I still had to deal with the fact that I was angry, and now I had a disaster to clean up in both senses of the word. To me, his work was valued higher than mine. Since when does working out of the house for 9 hours a day, including a nasty commute to the ofﬁce, staying away from the family (eating lunch out every day), equal the job that 24-7 parenting really is? Really now. When was the last time your partner woke up three times in the night to breast/bottle feed, soothe a tooth ache, change a diaper or calm a bad dream, then arise to ﬁx breakfast, put in a load of laundry, get squirmy kids dressed, read The Carrot Seed, drive to the store with two toddlers in tow, shop, come home, put the groceries away, ﬁx lunch, clean the mess from while the kids were playing and you were cooking, ﬁx snacks, go to the park and listen to all the nannies chatter in other languages while one kid begs you to be the big bad wolf and the other is eating sand from the bottom of her shoe? Itʼs now 2:00 p.m. and there are three to ﬁve more hours until the partner comes home to share the domestic responsibilities, but after a full day at the ofﬁce, isnʼt the rest of the day all about time for him? So you sort the laundry and do a ﬁnger-painting and drink a glass of wine while you cook dinner and listen to Barney sing on TV. And you try to be happy with who you are. You realize you want someone to pat you on the back and say, ”Good job, Mom. Great! Thanks for dealing with my non-existent logic, paranoid outbursts, incessant whining, loud crying, periodic vomit, daily shit/pee, and altogether unreasonable demands for more sugar. I know itʼs hard now but there will be a time when you will look back and say “Iʼm glad I stayed home with the kids.” Those little smiles and hugs may make it all worthwhile, but unless you have some semblance of a village when raising babies, you will be eaten alive with care giving and the vortex of loneliness can give way to a big-city breakdown. In conversations with my husband, the curse always turned into a power struggle about which one of us was making the bigger sacriﬁce. My husband was envious of what I had with the children at home, and I was jealous of the independence, autonomy and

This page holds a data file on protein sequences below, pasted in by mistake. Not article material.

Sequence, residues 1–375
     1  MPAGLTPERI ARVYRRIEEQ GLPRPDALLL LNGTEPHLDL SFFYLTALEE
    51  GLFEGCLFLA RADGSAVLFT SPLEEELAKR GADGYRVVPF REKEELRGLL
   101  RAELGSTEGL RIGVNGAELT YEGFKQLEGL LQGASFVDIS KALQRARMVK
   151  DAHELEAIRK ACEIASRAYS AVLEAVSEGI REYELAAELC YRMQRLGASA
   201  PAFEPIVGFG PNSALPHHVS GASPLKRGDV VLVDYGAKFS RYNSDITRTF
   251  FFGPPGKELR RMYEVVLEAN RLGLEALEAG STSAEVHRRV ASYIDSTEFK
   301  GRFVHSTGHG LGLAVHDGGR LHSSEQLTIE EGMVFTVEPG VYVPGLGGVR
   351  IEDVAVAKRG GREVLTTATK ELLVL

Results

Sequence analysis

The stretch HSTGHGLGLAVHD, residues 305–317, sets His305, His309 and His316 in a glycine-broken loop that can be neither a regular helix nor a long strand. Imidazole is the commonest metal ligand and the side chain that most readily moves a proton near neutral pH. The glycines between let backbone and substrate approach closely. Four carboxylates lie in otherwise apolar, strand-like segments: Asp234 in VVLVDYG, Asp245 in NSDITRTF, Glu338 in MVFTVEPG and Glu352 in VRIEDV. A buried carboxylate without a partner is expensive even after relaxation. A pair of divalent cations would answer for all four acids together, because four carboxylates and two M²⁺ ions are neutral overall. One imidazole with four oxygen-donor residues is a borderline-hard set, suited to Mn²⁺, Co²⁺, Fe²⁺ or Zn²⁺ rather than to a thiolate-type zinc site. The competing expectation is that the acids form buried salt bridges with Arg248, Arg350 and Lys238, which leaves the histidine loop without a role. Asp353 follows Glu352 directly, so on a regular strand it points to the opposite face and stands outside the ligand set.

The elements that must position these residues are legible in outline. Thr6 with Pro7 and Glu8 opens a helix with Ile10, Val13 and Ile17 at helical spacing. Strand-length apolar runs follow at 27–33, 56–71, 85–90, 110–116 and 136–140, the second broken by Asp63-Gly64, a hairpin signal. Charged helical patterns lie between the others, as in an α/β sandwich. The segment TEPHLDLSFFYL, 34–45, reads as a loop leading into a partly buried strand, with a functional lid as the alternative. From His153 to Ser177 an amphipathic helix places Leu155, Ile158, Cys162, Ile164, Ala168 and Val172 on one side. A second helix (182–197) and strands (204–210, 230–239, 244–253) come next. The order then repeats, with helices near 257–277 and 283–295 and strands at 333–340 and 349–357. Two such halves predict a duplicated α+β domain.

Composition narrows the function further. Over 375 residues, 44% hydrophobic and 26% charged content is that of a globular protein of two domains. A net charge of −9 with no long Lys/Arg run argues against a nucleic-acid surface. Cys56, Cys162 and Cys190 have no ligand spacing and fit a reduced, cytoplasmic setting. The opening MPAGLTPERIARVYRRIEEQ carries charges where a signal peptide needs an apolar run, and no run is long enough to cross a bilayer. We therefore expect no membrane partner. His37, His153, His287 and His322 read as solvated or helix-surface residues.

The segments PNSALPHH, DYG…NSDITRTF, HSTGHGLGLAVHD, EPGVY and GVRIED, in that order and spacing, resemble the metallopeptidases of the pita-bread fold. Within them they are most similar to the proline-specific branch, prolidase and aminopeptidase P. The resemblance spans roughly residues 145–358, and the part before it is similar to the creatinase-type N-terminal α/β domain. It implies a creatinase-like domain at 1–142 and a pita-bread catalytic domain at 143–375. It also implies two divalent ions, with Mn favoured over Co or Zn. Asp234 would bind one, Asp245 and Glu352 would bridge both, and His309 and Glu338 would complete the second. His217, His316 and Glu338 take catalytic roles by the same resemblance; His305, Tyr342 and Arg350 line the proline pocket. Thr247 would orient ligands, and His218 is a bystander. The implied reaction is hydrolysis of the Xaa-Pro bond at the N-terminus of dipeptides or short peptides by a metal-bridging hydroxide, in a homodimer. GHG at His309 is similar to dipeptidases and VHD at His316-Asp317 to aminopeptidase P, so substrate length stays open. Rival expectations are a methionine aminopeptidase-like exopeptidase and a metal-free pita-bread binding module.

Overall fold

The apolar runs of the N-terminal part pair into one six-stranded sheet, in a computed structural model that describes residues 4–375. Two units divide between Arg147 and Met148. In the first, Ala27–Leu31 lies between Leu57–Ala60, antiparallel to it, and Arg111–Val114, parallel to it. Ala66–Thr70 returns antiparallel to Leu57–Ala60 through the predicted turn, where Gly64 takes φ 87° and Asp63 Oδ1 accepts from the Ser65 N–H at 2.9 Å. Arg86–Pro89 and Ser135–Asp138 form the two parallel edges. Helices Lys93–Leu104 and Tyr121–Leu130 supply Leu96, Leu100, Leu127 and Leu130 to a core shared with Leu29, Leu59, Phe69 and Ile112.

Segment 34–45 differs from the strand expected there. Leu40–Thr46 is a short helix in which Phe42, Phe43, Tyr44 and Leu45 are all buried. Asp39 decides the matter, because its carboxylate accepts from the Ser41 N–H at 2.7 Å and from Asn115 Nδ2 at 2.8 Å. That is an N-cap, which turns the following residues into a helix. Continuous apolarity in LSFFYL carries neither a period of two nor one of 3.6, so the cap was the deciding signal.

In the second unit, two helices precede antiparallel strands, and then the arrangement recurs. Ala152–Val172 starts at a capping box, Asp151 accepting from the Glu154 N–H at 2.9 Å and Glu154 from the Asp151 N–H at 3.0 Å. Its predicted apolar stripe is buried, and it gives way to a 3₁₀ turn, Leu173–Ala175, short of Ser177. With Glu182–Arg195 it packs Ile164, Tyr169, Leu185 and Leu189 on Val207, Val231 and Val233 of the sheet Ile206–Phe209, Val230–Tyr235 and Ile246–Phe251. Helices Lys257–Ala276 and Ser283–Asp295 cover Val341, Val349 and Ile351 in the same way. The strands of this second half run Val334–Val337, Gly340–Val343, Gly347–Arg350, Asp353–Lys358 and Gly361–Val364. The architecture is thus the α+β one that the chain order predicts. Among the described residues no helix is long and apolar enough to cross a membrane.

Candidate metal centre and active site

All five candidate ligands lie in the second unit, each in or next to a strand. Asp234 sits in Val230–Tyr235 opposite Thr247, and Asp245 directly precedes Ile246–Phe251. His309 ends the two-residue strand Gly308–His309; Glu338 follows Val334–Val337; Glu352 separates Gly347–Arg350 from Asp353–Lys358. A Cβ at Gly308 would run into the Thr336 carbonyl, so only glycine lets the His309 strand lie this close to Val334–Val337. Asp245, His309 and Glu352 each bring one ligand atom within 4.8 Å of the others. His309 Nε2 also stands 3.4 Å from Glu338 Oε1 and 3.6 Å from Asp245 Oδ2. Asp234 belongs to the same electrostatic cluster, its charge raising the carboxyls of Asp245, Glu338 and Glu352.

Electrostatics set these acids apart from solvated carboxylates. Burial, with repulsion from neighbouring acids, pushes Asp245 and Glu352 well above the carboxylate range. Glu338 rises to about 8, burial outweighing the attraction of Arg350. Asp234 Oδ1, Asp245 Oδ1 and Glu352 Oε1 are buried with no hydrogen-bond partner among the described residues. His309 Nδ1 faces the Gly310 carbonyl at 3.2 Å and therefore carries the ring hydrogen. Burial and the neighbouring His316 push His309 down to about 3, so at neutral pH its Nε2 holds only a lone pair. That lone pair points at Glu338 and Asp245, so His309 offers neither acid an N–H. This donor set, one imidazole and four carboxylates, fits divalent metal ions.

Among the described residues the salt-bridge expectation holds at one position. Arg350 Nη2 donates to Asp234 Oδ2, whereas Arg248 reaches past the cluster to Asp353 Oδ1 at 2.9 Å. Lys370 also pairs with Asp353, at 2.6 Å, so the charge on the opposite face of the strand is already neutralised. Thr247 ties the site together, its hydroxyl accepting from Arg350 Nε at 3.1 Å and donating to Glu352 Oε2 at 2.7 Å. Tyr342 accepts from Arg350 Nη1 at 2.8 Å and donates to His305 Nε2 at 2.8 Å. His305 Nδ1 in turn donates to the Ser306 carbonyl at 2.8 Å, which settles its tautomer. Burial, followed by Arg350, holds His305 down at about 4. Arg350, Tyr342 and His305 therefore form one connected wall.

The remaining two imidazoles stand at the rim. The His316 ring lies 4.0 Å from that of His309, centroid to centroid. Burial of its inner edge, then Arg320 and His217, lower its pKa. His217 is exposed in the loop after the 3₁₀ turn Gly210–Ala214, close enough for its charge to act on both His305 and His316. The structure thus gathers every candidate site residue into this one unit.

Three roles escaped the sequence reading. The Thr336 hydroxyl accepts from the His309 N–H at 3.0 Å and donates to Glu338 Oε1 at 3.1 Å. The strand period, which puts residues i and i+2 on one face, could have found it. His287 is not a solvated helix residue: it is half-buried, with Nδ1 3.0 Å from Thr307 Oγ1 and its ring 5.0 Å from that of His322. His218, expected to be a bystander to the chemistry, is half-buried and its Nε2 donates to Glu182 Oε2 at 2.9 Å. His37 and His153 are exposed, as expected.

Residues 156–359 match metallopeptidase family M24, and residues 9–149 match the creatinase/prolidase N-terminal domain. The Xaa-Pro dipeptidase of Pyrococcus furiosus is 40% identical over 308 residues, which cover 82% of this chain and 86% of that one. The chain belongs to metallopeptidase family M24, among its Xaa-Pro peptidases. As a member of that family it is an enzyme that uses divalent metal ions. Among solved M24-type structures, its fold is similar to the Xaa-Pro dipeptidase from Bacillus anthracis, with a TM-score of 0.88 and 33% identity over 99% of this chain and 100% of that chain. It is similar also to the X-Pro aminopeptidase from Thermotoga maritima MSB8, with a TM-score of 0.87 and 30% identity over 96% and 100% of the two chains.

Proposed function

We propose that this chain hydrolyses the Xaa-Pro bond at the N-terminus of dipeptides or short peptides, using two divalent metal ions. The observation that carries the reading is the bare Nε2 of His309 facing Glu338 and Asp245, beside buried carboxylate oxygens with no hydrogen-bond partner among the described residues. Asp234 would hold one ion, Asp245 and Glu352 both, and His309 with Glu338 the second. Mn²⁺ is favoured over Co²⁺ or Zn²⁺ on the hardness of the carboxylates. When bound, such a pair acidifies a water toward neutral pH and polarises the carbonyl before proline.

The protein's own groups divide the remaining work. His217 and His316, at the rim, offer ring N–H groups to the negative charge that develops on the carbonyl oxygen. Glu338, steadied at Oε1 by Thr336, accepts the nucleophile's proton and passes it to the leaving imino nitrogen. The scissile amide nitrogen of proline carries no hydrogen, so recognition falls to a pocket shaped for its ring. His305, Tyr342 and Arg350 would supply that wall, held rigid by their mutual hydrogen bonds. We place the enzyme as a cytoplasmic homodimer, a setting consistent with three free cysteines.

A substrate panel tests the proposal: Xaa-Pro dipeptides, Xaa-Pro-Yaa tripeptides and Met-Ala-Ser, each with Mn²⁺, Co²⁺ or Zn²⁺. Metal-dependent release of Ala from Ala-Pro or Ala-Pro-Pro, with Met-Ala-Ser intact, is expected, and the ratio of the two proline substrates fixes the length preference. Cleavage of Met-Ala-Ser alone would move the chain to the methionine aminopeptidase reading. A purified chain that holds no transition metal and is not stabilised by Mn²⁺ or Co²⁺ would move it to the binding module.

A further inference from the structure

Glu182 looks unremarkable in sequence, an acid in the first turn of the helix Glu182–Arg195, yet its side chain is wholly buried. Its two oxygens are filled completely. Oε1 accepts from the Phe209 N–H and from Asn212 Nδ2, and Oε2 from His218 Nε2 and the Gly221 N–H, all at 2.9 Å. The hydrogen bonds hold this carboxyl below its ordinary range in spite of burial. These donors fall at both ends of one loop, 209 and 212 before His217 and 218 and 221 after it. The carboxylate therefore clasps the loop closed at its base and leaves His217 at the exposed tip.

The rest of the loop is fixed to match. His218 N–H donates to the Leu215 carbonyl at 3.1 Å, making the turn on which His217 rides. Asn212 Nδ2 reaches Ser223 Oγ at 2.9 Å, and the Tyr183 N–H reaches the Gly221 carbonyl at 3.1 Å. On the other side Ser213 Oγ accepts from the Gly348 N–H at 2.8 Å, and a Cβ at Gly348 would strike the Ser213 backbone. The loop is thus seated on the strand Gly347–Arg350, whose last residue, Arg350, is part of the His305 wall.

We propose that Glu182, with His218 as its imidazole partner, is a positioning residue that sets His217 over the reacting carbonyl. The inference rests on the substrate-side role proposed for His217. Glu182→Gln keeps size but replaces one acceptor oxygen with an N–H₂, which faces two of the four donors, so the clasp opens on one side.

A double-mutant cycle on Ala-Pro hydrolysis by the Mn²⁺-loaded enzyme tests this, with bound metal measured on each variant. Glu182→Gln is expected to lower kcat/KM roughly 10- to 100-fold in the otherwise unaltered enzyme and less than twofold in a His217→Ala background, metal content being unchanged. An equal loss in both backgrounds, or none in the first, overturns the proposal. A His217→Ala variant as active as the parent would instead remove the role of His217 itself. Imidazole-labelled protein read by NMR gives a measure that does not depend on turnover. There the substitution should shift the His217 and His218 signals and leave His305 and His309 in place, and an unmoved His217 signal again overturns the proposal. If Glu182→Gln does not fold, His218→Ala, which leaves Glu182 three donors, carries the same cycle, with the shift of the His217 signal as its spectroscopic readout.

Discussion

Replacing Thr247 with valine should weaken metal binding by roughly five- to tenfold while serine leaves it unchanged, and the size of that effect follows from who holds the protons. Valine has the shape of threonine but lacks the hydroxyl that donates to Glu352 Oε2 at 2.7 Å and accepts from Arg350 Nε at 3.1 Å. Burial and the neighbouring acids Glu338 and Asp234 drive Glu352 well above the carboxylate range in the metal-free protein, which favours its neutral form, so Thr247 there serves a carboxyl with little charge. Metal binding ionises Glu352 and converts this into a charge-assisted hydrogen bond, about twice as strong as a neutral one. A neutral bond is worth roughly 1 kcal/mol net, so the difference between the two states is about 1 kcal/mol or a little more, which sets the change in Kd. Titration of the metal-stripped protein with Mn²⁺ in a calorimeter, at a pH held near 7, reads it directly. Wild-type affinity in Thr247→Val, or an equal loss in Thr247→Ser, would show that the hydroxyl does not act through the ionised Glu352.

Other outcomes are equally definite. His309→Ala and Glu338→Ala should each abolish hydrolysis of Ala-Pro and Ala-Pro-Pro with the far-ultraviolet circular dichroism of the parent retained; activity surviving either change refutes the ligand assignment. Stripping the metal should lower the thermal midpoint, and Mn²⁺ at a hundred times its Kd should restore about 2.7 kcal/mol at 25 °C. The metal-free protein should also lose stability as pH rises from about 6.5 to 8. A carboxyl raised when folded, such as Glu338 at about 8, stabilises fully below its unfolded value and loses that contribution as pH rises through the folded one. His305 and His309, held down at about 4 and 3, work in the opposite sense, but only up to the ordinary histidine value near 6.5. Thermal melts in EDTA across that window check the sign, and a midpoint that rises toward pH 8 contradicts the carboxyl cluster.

conﬁdence he gained at work. It took a marriage therapist to tell us that parenting is not the same for men and women. A man can be the primary caregiver, and because he is a man, the experience of parenting will be different. Not better, not worse. Weʼre talking apples and pomegranates. And the envy…well, thatʼs part of our “growing edge,” he said. Pshaw. No one was handing me a pay raise. So I put myself in his shoes, and realized I might ﬁnd more of myself if I mothered more like a father. When I want to read the newspaper (HA!), I will actually sit down and read. Simple, right? When I want to do something for me, the kids will adjust. They will scream and cry and cajole and beg, but learn how to be entertained on their own. So hereʼs how it goes on a Thursday evening during the re-training phase: “I need a break,” Iʼd say. “Then take one” my husband would reply. And Iʼd go out of the house and drive away and have no fucking clue what to do with myself. Who was I without the kids to tend? What would they eat if I left no dinner prepared? Was it worth it to go out if I came home and the house was a wreck and the children werenʼt fed? YES! Deep down I knew it. Fear was preventing me from growing a penis. Thank you, dear husband, for showing me how to not depend on our kids for my identity. Slowly I began to ﬁnd my way. I struck up the nerve to join a writing class and I went to therapy (yet again.) I made some friends and discovered that there was still someone inside that I recognized from years prior to marriage and children. There was the kernel of the person I knew before I began to deny who I really wanted to be. I remembered that I had something to offer the world besides my self-obsessive scrutiny as a parent and a wife. And after my third daughter was born (!), I even embraced my oh-so different body. My post-partum ﬁgure produced voluptuous curves and a softness of belly that seemed from a different person all together. Dressing the part was not just ﬁtting the role of motherhood but more an expression of my true self. I marveled at my hips in the mirror – such a scrawny kid – thrown like a pot on the wheel into this wholly feminine being.
And then it dawned on me again. I didnʼt need to be a man anymore. I had ﬁnally become a woman.